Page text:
# Difference between revisions of "Anne Burns' Mathscapes"

Mathscape
Field: Fractals
Image Created By: Anne M. Burns
Website: [1]

Mathscape

In her Mathscape images, Anne M. Burns combines recursive algorithms for clouds, mountains, and various imaginary plant forms into one picture.

# Basic Description

Image 1. Fractal Scene I.

Anne Burns' Mathscape images are natural looking landscapes whose components are created using math. The plants are generated through recursive algorithms similar to those used to make the plant-like fractal Blue Fern, and through string rewriting. The mountains and clouds are created using height fields (see below) and trigonometry.

# A More Mathematical Explanation

## Plants

Some of the algorithms Burns uses to create plants are similar to the fract [...]

## Plants

Some of the algorithms Burns uses to create plants are similar to the fractal algorithms used to generate the Blue Fern. Unlike the Blue Fern, however, Burns' plants aren't perfect fractals that are exactly self-similar into infinity. Instead, some aspects of growth are randomized, so that the final image looks more natural.

Image 2 shows some basic plant formations similar to those that Burns used in her replacements. Each offshoot in this figure is replaced by a smaller version of the original image, which is again replaced by a smaller version, a process that repeats until the picture is quite complicated. The pictures can be made to look more natural by using random numbers to vary the length of the branches or the angle at which they connect.

Image 2. Several common inflorescences

The plant images can also be made to look more natural by using the deReffye method. In this method, at each iteration of the growth algorithm a branch can either continue to grow, die, or do nothing until the next iteration. Each option is assigned a certain probability, and the probabilities change over time. At later stages the branches are more likely to die, which means that plant eventually stops growing. The trees in Image 3 were created from the same program using the deReffye method. Because they're generated by the same algorithm, they look similar, but because of the possibility for variation built into the program, their shapes are not identical.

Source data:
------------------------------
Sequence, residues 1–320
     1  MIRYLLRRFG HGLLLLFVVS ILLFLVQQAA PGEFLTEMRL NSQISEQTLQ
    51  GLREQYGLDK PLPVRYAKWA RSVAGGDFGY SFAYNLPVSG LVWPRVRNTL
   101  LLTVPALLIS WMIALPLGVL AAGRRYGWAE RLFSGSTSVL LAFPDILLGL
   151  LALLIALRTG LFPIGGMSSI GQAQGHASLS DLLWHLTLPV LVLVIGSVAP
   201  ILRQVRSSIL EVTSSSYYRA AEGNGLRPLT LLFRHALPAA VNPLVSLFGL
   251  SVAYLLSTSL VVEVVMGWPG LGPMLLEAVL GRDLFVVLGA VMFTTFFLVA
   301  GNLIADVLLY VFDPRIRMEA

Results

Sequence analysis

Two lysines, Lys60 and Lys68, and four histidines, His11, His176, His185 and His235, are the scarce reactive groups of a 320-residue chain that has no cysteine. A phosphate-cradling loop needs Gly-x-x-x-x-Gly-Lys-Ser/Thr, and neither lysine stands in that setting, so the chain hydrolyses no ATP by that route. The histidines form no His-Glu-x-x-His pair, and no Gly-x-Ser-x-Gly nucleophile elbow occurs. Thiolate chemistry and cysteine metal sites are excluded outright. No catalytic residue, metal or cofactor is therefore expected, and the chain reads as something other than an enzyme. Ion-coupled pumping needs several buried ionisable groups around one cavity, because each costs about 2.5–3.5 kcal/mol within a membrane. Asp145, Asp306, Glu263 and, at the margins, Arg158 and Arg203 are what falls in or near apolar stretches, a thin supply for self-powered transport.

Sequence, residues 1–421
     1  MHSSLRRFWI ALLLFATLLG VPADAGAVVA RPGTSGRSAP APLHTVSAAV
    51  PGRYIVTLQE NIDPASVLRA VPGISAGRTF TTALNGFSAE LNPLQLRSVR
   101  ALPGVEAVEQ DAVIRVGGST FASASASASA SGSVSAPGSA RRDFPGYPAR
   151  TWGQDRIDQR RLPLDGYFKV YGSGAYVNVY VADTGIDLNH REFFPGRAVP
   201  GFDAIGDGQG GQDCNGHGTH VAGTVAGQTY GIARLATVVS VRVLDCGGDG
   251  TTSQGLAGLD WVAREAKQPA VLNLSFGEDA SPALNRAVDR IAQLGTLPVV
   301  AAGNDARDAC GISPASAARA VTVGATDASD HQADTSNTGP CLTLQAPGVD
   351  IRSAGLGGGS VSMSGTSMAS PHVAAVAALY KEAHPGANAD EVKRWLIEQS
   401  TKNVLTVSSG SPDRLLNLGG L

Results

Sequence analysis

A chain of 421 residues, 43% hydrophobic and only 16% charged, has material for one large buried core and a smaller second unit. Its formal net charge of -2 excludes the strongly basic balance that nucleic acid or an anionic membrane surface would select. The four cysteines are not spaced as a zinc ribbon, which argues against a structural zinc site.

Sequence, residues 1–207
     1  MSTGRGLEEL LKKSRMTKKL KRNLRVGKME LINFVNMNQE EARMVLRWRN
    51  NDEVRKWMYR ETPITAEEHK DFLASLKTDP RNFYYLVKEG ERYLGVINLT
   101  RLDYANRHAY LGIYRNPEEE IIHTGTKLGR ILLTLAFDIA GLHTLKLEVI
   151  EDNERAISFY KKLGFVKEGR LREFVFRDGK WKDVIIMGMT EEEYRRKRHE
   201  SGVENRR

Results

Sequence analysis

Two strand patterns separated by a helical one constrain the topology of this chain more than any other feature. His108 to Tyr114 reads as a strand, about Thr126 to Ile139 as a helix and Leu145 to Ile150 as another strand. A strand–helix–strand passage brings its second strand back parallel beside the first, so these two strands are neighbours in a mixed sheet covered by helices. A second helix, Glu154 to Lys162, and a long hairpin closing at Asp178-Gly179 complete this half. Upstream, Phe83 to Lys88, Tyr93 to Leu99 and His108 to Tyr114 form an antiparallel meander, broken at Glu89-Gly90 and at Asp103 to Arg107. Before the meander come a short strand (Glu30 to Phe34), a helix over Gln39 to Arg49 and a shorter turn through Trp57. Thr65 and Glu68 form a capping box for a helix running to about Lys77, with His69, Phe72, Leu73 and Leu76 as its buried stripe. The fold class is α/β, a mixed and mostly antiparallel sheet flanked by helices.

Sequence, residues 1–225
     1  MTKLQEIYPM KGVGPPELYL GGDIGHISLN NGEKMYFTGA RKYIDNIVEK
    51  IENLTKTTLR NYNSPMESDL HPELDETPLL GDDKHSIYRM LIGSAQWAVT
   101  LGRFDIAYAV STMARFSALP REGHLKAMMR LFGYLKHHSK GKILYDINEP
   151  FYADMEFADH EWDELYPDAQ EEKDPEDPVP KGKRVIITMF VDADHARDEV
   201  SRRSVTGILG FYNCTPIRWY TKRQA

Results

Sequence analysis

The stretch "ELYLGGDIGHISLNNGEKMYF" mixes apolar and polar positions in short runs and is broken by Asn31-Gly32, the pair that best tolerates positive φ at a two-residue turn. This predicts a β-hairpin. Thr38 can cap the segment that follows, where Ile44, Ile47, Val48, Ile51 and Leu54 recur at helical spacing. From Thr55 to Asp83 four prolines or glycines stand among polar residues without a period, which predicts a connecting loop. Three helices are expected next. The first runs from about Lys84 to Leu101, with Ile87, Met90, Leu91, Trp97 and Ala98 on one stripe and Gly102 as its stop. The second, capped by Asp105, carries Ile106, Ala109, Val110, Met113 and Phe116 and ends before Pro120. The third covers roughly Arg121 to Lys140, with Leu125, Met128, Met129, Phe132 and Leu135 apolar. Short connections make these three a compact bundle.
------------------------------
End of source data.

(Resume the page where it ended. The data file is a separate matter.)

[Image:trees.gif

# Why It's Interesting

Burns' images reveal the fractal geometry behind many natural phenomena. They are excellent examples of the close connections between math, art, and nature. The landscapes she's created are beautiful and natural, and it can be surprising to learn that they were created through mathematics and computer programming.
Image 8. Mountains in Spring.

# About the Creator of this Image

Anne M. Burns is a professor at Long Island University's C.W. Post campus. She received her Ph.D. in Mathematics from SUNY Stony Brook in 1976. Her research interests include discrete dynamical systems, scientific visualization, and using mathematics and computer graphics to describe nature.